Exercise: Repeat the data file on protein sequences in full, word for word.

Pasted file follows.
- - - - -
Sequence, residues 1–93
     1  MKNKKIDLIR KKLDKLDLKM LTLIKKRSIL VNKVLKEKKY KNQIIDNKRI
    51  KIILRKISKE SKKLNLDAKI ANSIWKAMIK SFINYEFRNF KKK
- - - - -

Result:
Sequence, residues 1–93
     1  MKNKKIDLIR KKLDKLDLKM LTLIKKRSIL VNKVLKEKKY KNQIIDNKRI
    51  KIILRKISKE SKKLNLDAKI ANSIWKAMIK SFINYEFRNF KKK